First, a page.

Binance, the giant cryptocurrency exchange accused of mishandling customer funds, used two US banks to move billions of dollars around the world, the Securities and Exchange Commission said on Wednesday, stating that it never- Sometimes a large amount of cash flows into the accounts. days duration.
In a court filing, SEC accountant Sachin Verma detailed a tangle of transactions that companies affiliated with the giant cryptocurrency exchange conducted through two banks: Silvergate Bank and Signature Bank, both of which failed this year. The filing shows that Binance executives, including the company’s founder and chief executive Changpeng Zhao, transferred hundreds of millions, and in some cases billions, of dollars through regional banks to accounts linked to the companies in places such as Kazakhstan, Lithuania and Seychelles.
The SEC separately said it estimated more than $13 million in interest penalties owed to Binance over the past four years on unpaid taxes. While it is estimated that Binance earned approximately $225 million from 2019 to 2023, the regulator did not specify how much the company paid in taxes during this period, or how much it should have paid.
This week, the SEC sued Binance in federal court in Washington, DC, accusing the company of mismanaging customer funds, lying to regulators and investors about its operations, and engaging in manipulative trading. Was accused. US regulators have asked a federal judge to temporarily freeze assets linked to a Binance subsidiary in the United States, and Wednesday’s filing was in support of that request.
The SEC has also sued Mr Zhao, who is known as CZ, claiming he was the architect of a scheme to move billions of dollars to an offshore entity he controlled.
A Binance spokesperson said the transactions detailed in the filing did not involve customer funds and that the transfer of funds to various locations around the world was carried out as part of Binance’s normal course of business operations. Binance has denied wrongdoing and vowed to defend itself “vigorously” in the SEC case.
While Wednesday’s filing didn’t offer a clear theory as to why Binance leaders moved the money in this way, anti-money-laundering experts said the large, rapid transfer should have raised red flags for bankers.
Banks are required to file a Suspicious Activity Report, or SAR, with federal regulators when they suspect a transaction may involve money laundering or fraud. The reports are confidential but may provide investigative leads to authorities.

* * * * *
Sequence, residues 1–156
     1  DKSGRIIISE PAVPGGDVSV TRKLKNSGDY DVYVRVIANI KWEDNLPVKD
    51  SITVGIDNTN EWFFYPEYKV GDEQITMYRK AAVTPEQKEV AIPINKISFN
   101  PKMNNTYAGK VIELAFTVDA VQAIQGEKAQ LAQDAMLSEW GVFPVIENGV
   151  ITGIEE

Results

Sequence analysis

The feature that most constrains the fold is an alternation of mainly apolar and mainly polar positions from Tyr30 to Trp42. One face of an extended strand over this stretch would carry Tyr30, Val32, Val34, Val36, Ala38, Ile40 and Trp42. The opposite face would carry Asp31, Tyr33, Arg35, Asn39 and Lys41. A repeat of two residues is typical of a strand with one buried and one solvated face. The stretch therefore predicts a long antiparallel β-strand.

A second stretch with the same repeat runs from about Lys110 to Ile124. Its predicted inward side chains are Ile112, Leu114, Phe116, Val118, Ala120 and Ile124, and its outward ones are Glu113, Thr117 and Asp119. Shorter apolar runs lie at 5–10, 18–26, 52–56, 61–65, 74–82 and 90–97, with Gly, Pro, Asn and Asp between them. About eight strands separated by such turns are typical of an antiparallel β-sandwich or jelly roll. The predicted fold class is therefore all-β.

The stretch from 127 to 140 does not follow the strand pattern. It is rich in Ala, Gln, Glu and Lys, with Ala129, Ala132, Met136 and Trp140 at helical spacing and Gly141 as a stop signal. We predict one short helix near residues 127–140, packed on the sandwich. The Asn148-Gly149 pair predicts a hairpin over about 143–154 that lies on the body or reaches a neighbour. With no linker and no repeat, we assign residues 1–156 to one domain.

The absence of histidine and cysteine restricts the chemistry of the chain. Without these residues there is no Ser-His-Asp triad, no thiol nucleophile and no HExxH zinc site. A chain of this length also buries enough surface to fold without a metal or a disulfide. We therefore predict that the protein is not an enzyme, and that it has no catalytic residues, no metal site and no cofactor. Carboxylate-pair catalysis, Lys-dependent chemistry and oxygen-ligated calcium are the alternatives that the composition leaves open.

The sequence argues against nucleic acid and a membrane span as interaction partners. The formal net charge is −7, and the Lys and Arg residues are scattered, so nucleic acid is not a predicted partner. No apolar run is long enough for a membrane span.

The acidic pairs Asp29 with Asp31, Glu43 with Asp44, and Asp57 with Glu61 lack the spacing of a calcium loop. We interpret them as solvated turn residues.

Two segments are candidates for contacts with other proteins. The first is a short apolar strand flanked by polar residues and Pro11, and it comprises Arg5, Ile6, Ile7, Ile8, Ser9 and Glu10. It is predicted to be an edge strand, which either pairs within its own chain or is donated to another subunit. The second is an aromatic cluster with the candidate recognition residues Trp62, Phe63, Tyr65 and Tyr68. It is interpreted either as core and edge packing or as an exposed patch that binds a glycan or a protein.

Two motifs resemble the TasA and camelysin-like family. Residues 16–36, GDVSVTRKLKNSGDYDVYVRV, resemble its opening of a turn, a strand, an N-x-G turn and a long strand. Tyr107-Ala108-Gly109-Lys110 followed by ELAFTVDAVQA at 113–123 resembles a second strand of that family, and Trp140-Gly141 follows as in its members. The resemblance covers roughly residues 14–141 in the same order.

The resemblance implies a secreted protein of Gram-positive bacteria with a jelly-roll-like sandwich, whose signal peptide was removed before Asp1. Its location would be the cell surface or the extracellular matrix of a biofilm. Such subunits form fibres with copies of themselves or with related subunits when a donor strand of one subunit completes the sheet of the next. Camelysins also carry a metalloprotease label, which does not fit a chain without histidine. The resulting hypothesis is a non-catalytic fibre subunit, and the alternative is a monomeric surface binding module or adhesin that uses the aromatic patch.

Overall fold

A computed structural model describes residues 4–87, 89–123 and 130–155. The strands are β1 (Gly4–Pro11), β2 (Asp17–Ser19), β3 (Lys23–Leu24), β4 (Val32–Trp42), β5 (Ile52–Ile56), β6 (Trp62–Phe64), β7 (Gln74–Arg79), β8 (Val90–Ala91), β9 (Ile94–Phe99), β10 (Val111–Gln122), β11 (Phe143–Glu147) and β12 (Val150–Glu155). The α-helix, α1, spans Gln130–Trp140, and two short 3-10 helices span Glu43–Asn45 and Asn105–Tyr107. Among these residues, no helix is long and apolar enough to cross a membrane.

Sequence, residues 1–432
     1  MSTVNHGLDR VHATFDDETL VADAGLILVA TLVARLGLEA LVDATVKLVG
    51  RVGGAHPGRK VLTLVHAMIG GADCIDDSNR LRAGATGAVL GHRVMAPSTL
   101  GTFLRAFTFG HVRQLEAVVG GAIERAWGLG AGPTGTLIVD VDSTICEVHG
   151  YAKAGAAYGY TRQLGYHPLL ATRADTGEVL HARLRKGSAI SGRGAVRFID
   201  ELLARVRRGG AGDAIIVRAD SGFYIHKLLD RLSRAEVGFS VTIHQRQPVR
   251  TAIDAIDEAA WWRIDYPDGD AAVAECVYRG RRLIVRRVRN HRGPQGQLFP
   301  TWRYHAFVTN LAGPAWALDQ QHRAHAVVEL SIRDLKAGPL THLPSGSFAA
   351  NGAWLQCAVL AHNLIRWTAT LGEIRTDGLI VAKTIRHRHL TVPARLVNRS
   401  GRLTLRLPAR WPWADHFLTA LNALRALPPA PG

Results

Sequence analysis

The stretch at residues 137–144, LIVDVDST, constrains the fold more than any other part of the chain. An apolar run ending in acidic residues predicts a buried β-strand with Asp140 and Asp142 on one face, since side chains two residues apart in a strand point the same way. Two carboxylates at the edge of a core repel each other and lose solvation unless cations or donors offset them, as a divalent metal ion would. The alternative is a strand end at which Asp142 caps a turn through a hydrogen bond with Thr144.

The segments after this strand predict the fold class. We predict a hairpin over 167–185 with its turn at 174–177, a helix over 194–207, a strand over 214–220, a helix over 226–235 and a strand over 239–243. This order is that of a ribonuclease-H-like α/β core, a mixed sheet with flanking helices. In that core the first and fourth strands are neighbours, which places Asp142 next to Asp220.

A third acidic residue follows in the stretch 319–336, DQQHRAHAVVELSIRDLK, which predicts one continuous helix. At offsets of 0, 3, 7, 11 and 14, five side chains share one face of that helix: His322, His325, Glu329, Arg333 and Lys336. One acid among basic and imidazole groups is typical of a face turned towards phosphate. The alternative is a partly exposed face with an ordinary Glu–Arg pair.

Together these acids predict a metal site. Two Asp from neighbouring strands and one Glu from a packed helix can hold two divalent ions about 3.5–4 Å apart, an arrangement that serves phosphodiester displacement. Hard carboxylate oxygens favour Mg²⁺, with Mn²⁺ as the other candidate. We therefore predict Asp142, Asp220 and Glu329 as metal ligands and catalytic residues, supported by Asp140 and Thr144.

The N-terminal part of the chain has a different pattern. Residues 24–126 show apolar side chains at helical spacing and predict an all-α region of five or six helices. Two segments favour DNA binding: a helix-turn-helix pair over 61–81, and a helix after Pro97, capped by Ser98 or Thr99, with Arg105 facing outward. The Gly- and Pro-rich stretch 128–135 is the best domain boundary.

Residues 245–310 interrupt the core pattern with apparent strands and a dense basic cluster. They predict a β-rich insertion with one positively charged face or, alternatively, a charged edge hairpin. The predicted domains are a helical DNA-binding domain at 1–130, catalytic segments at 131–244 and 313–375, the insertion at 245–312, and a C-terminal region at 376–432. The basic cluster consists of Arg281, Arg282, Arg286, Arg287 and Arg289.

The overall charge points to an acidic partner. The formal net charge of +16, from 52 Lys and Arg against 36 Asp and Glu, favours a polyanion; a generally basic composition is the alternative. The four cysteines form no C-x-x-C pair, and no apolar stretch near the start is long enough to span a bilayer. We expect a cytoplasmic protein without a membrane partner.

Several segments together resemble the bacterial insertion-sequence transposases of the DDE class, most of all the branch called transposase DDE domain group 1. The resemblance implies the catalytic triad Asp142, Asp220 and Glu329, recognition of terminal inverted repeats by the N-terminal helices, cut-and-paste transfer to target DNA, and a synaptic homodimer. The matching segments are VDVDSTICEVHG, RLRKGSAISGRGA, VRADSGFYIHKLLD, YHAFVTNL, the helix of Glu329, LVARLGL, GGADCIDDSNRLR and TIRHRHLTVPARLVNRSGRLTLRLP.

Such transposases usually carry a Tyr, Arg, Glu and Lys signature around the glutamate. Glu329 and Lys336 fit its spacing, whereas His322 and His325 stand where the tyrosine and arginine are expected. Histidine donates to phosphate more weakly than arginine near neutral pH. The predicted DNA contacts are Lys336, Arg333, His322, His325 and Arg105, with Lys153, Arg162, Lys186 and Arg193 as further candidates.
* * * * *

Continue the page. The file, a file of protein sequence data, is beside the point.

In one instance, in February 2022, the filing said, $20 million flowed into one of Binance’s Silvergate accounts and $19.9 million flowed out of it, all within a few days, leaving the account with an opening balance of $7.6 million. left. $7.7 million at the beginning of the month and at the end of the month.
According to the filing, one of Signature’s Binance accounts reported $1 billion in deposits and $1.3 billion in withdrawals in a single month. The outgoing money went to Merit Peak, a company Mr. Zhao controls, where the SEC alleges client funds were secretly mixed.
“One of the more massive cases of financial misconduct I’ve ever seen — the documentation is overwhelming,” said Lewis Shelley, a professor at George Mason University specializing in money laundering, adding that he was “surprised” that two banks were involved over such a long period of time. Billions of dollars were transferred overseas to Binance.
“It’s so huge and should raise red flags.”
The regulator did not say whether Silvergate or Signature reported activities in the accounts to Binance. Silvergate, which voluntarily liquidated itself in early March after suffering billions of dollars in losses from its crypto customers, is closing some Binance accounts in 2021 and 2022.
Both Silvergate and Signature allow customers investing in digital currencies to transfer funds in US dollars around the world at any time of the day. With many banks in the United States refusing to do business with crypto trading firms, Silvergate and Signature quickly developed a niche business serving that market.
Both banks were among those that failed this year during a panic over the stability of small banks — as customers pulled deposits from lenders. Silvergate, based in California, closed its doors in March during the mini-banking crisis. signature – the larger of the two banks – was ultimately taken over on March 12 by the Federal Deposit Insurance Corporation and the New York State Department of Financial Services.
Based in New York, Signature at one point had 40 branches in the United States and had less than $100 billion in assets when it was acquired by regulators. In 2018, New York regulatory approved a request Signature begins accepting deposits from crypto trading clients through its exclusive digital payments platform, the Signet Platform.
in one April reports on the fall of the signature, New York bank regulators said that although the regional lender was “presumed to be a crypto bank,” it was a misnomer. The regulator said that “virtual currency trading accounted for 18 percent of the bank’s deposit base by March 2023” and that the failure was an old-fashioned ploy by uninsured depositors on the bank.
The report did not address Signature’s transactions with firms such as Binance. The New York regulator said in a statement: “As part of an ongoing review of operations and in coordination with the Department, Signature Bank was in the process of reducing its concentration of high-risk customers at the time of the failure.”